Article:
When word got out that Ready at Dawn would be tackling one of Sony's largest franchises, God of War, and bringing it over to the PSP, optimism was pretty high. The team, responsible for the splendid Daxter, did a fantastic job of bringing the Jak and Daxter world into the palm of our hands. Furthermore, after seeing how well Sony's other platformer, Ratchet & Clank, has turned out on the PSP, was there ever even a reason to doubt God of War: Chains of Olympus as being anything but superb?
Of course not! With the final game in my hands as I write this, I can wholeheartedly say that Ready at Dawn are masters when it comes down to pushing every little bit out of the PSP. God of War on the PSP is the very same God of War that you've seen twice on the PlayStation 2, but the great thing about Chains of Olympus is that you can take it with you anywhere you go.
I have no qualms in saying that God of War: Chains of Olympus may very well be the best PSP game available – I simply can't think of anything that comes remotely close to being this spectacular. Ready at Dawn has created a practically perfect console-to-handheld translation, blurring the lines between the two units. As soon as you pick the game up, you feel right at home.
The effortless feeling of control and combat has carried over extremely well; practically perfect, in fact. The combat is extremely responsive, and remains the one trait that assures a very satisfying and addictive experience. The mini-game boss kills are back in full swing, as are a number of other features. You can employ powers of various bosses that you defeat, simply by holding down the R shoulder and pressing Triangle.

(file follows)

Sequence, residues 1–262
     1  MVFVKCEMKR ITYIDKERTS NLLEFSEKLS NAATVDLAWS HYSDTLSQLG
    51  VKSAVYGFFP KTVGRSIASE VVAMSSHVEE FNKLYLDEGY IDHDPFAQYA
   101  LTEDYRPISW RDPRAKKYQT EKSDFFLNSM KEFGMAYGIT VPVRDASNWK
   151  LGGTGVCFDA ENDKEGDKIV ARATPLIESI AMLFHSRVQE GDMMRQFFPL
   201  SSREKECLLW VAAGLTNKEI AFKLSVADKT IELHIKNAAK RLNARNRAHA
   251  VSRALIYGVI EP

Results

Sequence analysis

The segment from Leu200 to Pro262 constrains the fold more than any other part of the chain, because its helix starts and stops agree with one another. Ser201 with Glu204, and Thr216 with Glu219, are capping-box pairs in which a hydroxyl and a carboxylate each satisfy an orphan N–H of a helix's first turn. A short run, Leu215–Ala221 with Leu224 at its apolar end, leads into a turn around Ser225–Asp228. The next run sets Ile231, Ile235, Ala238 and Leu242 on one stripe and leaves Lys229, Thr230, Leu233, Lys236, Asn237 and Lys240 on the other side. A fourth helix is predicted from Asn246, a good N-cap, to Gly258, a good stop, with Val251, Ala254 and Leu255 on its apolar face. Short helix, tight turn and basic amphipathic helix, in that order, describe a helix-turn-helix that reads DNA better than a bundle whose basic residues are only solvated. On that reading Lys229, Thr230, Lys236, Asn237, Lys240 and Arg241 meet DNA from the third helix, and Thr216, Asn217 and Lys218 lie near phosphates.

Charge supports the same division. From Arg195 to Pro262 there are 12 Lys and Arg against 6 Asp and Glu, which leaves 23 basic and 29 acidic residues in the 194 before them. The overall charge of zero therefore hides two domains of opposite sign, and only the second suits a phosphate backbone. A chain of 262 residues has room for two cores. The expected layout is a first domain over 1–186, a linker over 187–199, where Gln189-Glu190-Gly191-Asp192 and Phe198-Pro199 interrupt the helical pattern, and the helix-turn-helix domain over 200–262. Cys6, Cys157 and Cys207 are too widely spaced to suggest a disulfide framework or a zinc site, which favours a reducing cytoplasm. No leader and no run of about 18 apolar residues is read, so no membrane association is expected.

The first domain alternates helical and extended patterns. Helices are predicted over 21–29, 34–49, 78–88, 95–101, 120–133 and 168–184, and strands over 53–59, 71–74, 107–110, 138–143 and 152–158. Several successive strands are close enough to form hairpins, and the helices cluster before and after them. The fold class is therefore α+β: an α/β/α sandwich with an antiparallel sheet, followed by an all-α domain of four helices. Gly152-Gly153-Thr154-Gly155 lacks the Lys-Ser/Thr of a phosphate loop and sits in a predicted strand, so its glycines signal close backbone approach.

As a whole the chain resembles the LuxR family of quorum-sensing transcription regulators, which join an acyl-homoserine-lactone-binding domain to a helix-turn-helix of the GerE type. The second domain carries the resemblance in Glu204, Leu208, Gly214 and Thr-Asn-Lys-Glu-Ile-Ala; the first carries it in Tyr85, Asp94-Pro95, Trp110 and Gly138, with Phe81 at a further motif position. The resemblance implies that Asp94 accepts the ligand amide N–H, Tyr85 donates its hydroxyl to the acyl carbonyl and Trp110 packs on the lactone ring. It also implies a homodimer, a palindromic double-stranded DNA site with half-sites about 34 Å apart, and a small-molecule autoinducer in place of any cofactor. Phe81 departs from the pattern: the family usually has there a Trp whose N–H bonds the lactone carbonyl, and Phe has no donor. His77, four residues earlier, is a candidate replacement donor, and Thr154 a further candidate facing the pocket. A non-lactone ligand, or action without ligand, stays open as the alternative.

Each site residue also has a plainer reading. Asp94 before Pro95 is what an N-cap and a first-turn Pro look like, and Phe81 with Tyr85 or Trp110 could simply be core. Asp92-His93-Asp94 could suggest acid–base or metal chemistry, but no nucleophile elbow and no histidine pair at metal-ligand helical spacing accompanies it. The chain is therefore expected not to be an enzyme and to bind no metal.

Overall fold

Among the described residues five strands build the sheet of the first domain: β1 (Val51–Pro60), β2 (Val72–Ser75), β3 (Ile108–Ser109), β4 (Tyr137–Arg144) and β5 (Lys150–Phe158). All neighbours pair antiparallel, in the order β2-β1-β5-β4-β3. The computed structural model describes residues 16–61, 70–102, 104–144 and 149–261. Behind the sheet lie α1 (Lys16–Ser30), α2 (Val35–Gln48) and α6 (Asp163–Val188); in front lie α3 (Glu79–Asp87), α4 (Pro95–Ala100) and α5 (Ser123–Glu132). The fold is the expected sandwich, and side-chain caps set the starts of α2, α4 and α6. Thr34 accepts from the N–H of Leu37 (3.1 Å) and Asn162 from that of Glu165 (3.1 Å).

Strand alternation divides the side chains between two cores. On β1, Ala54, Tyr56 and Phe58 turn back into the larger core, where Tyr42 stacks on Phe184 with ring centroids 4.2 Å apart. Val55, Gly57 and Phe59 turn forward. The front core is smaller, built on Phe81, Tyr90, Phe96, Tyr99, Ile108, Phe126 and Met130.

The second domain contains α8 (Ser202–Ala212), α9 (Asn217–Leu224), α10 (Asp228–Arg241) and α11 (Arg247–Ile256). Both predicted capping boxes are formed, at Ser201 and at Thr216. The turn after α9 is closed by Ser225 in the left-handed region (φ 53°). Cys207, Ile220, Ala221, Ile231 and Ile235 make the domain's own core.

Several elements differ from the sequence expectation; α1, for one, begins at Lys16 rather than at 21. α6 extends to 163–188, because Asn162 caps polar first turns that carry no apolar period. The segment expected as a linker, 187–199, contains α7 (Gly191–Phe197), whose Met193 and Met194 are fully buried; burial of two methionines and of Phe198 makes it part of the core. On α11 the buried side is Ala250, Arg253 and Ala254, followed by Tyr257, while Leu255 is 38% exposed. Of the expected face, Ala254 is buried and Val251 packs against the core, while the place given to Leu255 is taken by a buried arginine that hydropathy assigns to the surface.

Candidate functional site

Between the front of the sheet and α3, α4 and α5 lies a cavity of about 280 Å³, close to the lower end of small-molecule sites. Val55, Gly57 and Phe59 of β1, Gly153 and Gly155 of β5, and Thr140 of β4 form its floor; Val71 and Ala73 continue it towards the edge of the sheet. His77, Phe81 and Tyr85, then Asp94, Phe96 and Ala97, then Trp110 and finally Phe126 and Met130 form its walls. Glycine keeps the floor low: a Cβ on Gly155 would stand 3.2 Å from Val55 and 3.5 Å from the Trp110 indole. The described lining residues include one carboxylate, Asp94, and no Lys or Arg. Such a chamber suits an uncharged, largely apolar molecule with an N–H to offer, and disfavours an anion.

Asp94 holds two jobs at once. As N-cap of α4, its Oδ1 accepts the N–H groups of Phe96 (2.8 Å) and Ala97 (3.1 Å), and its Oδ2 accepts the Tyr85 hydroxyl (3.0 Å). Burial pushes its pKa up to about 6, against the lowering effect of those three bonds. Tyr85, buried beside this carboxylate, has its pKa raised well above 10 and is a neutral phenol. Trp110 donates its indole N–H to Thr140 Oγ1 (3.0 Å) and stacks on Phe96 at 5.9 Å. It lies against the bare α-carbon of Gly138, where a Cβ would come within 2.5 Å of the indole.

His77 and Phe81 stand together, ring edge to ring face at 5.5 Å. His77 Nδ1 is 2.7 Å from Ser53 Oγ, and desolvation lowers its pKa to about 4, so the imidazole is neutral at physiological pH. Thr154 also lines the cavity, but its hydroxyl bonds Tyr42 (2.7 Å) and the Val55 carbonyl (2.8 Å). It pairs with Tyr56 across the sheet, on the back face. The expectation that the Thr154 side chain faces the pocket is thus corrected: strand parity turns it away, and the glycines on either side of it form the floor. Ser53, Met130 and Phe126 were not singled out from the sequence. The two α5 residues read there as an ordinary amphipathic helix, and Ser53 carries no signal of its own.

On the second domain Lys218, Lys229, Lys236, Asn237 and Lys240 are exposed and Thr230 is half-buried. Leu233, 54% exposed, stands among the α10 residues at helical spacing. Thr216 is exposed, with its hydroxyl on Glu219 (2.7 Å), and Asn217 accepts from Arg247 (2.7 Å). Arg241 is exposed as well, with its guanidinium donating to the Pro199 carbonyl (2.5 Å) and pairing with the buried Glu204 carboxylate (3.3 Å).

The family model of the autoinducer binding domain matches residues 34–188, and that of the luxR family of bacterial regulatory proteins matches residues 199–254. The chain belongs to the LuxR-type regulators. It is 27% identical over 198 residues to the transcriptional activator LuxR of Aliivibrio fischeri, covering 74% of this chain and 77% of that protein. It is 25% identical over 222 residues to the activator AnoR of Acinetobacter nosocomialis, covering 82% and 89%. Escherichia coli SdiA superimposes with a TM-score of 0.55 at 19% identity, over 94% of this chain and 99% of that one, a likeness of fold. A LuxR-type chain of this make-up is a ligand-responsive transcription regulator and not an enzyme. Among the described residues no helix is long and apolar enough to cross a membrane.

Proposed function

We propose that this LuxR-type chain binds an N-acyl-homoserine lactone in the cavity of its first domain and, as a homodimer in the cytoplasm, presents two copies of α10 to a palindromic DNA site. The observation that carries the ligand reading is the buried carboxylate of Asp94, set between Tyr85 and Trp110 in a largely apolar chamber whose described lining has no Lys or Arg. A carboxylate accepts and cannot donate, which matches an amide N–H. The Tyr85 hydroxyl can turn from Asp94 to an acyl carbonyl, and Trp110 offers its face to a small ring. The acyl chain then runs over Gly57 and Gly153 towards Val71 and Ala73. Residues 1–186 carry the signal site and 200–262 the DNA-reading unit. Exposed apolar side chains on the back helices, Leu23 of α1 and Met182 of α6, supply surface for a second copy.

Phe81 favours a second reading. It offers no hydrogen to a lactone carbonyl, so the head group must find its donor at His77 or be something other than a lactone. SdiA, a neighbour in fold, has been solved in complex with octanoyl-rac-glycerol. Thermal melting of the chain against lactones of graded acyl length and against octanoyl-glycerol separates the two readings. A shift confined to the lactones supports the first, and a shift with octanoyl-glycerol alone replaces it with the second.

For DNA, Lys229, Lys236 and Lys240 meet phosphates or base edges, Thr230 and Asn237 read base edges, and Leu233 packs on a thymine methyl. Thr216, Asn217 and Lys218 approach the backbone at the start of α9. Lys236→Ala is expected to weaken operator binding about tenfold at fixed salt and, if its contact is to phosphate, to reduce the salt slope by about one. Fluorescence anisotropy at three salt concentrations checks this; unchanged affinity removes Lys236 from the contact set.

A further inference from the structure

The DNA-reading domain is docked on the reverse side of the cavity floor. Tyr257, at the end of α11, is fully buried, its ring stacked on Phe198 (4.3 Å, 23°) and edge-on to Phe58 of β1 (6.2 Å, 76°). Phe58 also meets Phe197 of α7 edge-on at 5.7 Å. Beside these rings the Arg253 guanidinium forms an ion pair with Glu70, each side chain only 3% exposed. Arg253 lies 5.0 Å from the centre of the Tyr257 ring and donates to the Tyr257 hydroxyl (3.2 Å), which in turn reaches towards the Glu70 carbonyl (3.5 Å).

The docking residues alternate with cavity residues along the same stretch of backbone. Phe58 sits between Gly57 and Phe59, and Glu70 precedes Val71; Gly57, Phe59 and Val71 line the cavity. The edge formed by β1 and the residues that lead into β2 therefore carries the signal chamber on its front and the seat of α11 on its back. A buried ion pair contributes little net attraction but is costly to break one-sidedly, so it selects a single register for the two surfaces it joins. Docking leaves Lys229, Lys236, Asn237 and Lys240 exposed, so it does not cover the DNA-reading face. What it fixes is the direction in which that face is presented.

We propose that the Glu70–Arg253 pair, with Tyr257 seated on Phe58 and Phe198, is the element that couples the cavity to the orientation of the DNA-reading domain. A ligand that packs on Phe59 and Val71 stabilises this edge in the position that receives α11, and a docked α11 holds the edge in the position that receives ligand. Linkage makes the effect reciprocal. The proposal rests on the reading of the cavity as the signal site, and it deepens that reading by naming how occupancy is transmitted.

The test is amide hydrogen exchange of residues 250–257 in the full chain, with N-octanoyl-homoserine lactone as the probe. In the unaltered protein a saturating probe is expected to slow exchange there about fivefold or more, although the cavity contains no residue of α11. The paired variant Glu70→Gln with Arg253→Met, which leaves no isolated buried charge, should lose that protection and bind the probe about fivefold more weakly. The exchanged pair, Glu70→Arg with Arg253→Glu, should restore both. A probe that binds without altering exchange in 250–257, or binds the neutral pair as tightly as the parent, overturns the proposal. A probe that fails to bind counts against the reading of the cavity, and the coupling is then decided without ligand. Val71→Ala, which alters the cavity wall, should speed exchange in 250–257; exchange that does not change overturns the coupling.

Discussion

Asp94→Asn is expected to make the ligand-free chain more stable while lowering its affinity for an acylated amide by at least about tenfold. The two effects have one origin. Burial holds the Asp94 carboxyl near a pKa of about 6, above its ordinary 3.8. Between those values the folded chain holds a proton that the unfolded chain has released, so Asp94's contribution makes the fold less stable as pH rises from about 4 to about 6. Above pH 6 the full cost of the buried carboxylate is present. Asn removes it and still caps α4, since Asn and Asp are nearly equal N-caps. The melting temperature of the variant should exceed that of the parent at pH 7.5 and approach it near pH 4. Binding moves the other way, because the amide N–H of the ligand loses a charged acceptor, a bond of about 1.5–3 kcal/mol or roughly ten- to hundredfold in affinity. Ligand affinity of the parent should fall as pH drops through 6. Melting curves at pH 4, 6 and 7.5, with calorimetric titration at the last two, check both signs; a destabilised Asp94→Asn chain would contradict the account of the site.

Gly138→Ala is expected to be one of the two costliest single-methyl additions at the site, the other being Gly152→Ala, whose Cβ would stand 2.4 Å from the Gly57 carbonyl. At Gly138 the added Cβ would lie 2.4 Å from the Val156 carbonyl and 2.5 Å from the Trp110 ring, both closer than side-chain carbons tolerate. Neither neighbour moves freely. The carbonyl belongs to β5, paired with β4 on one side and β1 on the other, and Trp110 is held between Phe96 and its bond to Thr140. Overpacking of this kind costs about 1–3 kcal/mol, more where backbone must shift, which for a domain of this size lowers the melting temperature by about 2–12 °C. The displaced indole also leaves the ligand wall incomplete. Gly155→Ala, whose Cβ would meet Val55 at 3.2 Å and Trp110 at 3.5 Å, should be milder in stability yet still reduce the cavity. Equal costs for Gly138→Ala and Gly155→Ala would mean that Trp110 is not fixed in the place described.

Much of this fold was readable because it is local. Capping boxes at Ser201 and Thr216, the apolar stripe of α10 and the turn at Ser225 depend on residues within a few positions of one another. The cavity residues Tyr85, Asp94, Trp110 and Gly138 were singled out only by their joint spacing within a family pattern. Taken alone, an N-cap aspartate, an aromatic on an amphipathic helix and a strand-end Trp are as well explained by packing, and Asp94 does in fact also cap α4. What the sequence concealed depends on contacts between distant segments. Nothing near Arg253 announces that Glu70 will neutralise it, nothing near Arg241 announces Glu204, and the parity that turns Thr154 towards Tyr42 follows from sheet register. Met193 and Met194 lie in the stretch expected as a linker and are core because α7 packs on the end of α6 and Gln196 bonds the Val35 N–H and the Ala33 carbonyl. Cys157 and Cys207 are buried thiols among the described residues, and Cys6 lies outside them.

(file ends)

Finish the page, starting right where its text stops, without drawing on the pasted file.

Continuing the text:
You'll be able to upgrade your weapons by using all of the orbs you pick up throughout the game. With each upgrade comes added weapon strength, as well as new moves gained. In addition to upgrading your Blades of Chaos, you'll also be able to enhance various other things, such as your specific magic powers – again, which are acquired when defeating various bosses. On top of that, scattered around the game will be status enhancing items. There are a number of different items, all with their own unique enhancement – collect five of each and you'll be rewarded with increased health, magic, among other abilities.
Furthermore, most of the moves you're used to pulling off have made the transition into Chains of Olympus, but in addition to that, Ready at Dawn also took a creative initiative by adding a number of new moves for Kratos – and they are pretty awesome. In addition to that, as you play the game, you'll notice that the A.I. will fight between each other – so, in the beginning of the game, you'll actually see your fellow Spartans fighting against the enemy Persian army.
As expected, the story will, of course, be unveiled through a series of cut-scenes, all of which are voice acted. Moreover, because this is a prequel, God of War: Chains of Olympus does a great job of showing you the origins of Kratos' past, and how puppeteered he was by the Gods. Now, despite being on a smaller medium, perhaps the most shocking aspect of the PSP's God of War is its length. Chains of Olympus is about as long as its two console siblings. Where as the first two can clock in at around 10-12 hours, Chains of Olympus is good for about 8-10 – but it'll probably end up a 20 hour experience, as you'll want to replay the game, to unlock certain features.